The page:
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Government to review thousands of harmful vaginal mesh implants

NHS England estimates 100,000 women are fitted with the device

Alex Matthews-King
Health Correspondent
Tuesday 30 January 2018 13:54 GMT
Mesh implants have been shown to cut into the vaginal walls leading to chronic pain, infection and even death
Mesh implants have been shown to cut into the vaginal walls leading to chronic pain, infection and even death (Getty)

The Government has pledged to review tens of thousands of cases where women have been given harmful vaginal mesh implants.

In a major win for campaigners, the Department of Health and Social Care has committed to look at every case back to 2005 to determine the true extent of serious complications that can leave women in agony.

Around 100,000 women are estimated by NHS England to have a mesh device fitted and this is the first review to follow patients from the initial condition that required an implant to subsequent treatment for complications.

Estimates vary over the extent of complications; NHS England figures say they occur in 3 to 5 per cent of women, but academics say it is closer to 10 per cent.

Campaigners have predicted it could affect one woman in three and said it is the “biggest health scandal since thalidomide”.

Responding to the news, Owen Smith, Labour MP and chair of the All Party Parliamentary Group on Surgical Mesh Devices, said the audit would provide “crucial answers” on the true extent of complications.

It comes after the National Institute for Health and Care Excellence (Nice), in December, withdrew its recommendation for the use of mesh devices in women with pelvic organ prolapse.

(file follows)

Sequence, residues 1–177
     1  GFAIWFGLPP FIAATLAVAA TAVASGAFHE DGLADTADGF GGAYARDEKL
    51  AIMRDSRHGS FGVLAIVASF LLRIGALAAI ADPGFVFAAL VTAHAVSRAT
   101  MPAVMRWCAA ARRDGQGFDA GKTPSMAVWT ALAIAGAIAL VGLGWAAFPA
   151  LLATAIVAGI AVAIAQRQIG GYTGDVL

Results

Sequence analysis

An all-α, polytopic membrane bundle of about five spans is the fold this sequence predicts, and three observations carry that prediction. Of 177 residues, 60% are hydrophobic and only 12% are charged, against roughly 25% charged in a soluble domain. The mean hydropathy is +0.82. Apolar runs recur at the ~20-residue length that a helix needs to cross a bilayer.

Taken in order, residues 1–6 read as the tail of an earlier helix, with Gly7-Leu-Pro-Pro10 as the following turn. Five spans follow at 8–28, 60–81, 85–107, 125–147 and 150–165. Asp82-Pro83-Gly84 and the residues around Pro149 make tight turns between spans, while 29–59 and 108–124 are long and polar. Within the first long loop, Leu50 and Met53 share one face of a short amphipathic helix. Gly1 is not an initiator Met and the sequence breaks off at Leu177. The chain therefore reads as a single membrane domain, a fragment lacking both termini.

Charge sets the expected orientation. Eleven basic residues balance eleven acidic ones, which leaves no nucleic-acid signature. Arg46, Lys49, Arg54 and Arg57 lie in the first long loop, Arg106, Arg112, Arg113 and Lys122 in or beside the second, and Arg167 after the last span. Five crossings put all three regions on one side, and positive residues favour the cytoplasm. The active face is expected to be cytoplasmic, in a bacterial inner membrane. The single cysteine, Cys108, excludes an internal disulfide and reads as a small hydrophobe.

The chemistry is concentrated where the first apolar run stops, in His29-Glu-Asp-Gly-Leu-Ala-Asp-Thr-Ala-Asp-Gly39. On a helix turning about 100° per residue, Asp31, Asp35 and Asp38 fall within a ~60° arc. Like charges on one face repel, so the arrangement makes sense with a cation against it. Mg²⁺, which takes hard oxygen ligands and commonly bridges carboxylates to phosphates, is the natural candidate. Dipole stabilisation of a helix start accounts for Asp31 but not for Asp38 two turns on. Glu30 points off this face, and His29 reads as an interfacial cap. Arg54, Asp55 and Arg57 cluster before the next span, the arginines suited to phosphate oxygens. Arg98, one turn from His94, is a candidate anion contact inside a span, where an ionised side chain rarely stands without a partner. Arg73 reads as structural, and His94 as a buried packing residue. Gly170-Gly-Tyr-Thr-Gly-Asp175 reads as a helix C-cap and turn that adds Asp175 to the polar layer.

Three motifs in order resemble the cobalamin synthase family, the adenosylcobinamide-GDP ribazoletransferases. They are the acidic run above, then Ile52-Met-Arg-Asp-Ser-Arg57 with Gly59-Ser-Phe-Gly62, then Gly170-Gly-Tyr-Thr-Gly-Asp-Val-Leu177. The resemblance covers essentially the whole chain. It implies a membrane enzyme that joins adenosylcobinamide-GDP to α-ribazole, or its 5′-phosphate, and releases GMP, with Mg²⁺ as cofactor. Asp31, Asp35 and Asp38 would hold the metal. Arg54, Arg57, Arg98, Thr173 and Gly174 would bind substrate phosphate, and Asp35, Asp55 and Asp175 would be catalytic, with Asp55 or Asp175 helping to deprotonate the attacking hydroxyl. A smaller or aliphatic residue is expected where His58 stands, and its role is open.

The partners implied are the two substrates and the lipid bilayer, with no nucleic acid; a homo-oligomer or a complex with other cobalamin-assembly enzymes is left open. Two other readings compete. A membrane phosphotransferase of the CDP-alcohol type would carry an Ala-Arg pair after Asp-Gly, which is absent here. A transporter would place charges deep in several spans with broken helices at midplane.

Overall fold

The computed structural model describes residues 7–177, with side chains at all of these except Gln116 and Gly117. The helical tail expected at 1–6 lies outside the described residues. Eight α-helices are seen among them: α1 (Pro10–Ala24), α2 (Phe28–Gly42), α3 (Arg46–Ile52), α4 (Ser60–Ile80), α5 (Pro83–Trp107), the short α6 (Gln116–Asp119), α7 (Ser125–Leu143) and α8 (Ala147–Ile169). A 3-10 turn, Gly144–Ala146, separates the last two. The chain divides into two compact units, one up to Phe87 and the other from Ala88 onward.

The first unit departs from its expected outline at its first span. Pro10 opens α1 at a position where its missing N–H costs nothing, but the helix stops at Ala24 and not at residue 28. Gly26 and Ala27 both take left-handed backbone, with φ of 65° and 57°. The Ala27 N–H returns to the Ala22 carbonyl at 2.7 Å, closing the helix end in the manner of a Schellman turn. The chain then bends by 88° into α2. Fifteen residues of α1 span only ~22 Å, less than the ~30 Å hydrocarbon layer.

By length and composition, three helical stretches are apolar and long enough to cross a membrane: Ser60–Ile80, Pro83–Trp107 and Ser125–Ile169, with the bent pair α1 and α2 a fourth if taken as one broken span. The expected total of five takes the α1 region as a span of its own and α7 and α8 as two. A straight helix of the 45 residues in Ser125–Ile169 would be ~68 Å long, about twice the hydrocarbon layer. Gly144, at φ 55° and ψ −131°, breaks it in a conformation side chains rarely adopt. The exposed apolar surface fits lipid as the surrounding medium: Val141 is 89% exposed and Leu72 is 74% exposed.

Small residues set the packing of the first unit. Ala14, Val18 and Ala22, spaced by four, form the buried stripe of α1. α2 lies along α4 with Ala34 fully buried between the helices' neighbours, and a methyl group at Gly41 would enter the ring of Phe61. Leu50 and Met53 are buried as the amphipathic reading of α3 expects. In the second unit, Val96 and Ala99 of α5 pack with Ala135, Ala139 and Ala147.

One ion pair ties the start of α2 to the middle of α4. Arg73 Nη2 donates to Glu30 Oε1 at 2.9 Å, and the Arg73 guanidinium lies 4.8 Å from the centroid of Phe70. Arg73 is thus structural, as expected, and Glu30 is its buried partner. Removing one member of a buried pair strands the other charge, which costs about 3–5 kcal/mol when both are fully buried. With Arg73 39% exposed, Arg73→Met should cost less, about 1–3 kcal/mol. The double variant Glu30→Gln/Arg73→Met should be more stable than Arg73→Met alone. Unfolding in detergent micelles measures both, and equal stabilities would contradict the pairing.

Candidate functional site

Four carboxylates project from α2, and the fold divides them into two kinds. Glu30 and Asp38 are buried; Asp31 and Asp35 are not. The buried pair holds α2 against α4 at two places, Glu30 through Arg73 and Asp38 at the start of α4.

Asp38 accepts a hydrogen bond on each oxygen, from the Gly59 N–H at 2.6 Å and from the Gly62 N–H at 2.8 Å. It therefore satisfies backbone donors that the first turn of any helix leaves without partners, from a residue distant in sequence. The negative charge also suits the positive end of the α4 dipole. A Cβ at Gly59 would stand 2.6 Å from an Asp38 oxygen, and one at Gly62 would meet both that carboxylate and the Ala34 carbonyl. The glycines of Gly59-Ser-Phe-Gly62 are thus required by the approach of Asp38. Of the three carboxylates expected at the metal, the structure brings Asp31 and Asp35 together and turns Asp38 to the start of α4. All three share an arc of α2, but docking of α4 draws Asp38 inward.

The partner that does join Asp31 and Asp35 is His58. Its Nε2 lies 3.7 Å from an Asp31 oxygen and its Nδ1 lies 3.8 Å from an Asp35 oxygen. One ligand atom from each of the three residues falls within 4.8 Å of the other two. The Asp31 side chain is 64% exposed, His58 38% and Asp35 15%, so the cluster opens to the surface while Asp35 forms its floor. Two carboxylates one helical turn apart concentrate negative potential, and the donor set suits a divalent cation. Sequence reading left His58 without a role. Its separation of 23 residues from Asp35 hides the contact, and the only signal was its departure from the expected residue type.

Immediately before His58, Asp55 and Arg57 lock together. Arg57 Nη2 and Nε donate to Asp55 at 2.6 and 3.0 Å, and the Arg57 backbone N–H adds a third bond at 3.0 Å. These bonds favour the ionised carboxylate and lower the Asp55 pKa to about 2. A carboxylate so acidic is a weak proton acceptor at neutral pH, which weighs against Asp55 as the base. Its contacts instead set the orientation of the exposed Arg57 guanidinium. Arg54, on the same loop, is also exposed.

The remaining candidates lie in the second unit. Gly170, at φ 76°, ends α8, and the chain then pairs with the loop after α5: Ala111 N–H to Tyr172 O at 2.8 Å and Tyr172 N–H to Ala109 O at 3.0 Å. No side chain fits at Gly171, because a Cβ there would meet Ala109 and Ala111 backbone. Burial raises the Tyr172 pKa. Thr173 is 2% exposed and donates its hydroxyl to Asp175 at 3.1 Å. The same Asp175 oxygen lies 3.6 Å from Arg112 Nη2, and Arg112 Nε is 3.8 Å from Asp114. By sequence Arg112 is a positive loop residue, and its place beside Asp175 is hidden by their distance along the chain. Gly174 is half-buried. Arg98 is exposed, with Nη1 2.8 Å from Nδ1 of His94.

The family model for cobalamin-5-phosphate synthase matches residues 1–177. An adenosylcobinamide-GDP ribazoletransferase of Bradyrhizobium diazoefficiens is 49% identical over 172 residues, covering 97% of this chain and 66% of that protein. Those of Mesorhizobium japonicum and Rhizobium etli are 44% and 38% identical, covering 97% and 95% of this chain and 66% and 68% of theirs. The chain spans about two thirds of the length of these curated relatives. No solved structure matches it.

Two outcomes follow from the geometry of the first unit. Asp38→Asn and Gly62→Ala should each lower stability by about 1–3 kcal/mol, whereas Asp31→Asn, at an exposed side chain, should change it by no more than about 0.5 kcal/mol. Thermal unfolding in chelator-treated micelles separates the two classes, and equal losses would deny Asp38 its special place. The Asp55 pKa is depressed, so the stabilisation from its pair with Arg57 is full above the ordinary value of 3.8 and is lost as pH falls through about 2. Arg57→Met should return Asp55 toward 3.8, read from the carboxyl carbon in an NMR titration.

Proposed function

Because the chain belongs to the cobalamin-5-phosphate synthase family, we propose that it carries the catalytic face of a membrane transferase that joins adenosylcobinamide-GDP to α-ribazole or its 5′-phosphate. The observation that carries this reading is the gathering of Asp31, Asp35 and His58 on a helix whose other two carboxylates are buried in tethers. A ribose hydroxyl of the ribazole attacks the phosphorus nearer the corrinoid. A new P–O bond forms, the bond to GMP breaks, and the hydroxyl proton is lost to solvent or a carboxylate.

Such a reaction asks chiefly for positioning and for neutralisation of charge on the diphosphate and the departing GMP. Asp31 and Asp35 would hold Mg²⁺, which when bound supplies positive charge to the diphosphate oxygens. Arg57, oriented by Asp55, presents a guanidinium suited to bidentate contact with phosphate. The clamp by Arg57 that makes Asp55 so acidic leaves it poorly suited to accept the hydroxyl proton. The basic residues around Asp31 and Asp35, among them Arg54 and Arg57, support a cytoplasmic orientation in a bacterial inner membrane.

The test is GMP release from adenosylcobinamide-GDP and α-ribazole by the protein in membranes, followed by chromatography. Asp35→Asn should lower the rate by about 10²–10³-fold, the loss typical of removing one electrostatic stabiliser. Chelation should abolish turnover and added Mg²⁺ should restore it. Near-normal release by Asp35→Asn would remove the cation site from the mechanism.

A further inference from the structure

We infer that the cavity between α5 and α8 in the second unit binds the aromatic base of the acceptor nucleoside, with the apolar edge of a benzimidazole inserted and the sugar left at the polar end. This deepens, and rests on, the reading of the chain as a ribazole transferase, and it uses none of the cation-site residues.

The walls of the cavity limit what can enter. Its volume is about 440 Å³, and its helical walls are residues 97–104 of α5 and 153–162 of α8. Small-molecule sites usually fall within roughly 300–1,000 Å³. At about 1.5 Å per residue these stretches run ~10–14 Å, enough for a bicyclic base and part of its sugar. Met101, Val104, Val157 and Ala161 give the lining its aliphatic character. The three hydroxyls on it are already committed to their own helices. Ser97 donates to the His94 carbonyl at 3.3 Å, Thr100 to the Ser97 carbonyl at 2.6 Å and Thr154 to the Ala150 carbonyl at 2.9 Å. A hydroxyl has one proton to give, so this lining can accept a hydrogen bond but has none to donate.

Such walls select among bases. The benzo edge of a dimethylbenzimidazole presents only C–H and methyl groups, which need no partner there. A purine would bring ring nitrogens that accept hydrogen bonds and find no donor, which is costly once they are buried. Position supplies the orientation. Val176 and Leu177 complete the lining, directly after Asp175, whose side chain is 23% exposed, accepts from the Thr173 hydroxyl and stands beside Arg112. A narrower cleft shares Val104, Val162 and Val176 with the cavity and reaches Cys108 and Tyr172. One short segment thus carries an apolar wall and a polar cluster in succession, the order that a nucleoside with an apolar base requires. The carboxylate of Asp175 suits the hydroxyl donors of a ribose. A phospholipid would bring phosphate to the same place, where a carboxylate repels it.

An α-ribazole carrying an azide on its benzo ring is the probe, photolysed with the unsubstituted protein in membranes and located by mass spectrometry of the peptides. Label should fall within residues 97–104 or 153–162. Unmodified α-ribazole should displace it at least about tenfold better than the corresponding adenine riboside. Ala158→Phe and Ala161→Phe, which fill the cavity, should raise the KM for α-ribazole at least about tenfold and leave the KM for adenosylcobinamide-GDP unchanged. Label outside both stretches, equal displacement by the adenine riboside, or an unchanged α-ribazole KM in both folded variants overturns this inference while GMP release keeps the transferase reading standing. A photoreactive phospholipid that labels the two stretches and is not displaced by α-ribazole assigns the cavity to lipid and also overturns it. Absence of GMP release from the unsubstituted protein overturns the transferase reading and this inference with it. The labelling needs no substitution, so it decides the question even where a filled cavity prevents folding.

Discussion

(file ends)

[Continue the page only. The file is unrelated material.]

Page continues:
The watchdog said evidence of the long-term effects of this type of implant was “inadequate in quality and quantity”.

Mesh devices have been linked to serious internal injuries, chronic pain and even death, and hundreds of British women have already joined thousands worldwide taking legal action against manufacturers.

The device comes in the form of a rigid plastic mesh which is inserted into the vagina to support the vaginal wall and weakened pelvic floor muscles after childbirth, preventing internal organs pushing through.

Experts have said other mesh devices, which can include tape “slings” for urinary incontinence and hernia treatments for men and women, are less risky.

Problems have arisen, in part, because of a lack of regulation for medical devices in Europe, which researchers have shown allowed 61 devices to be sold based on just two that passed safety scrutiny.

There are also issues with the initial implantation and long-term follow up of women, as the devices can degrade once inside, leaking plastics into the surrounding tissue or cutting into the vaginal walls.

Mesh campaigner Chrissy Brajcic died of sepsis last year after developing a drug resistant bacterial infection from her implant.

Kath Sansom, founder of campaign group Sling the Mesh, said the Government was finally recognising these issues.

Cross-party debate on mesh procedure

“After two decades of mesh use with poor audit, the Government is finally hearing the voices of women whose lives have changed beyond repair,” she said.

“A survey of 570 women in Sling The Mesh shows a third have suffered mesh slice into their vagina or organs and eight out of 10 have pain walking or sitting.

“Six out of 10 have lost partners because of the strain while seven out of 10 have lost sex lives. A third have had to give up work because of pain. Not surprisingly six out of 10 suffer depression and anxiety.”

Mr Smith, whose parliamentary mesh group has been calling for an in-depth investigation for the past two years, added: “I’m delighted that the Government has listened to our concerns and has now agreed to undertake this audit to get a better understanding of complications related to mesh surgery.

“I hope the audit will provide crucial answers about the proportion of women adversely affected by mesh surgery.”

The Department of Health and Social Care confirmed it was launching an audit but had not provided further details at time of publication.

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